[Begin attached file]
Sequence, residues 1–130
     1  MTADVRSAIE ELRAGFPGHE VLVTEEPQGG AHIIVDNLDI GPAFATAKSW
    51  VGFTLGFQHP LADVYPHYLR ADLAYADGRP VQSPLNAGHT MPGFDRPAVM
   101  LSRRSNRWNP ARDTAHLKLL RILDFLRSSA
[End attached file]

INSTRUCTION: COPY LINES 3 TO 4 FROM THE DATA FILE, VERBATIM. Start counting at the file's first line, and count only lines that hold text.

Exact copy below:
    51  VGFTLGFQHP LADVYPHYLR ADLAYADGRP VQSPLNAGHT MPGFDRPAVM
   101  LSRRSNRWNP ARDTAHLKLL RILDFLRSSA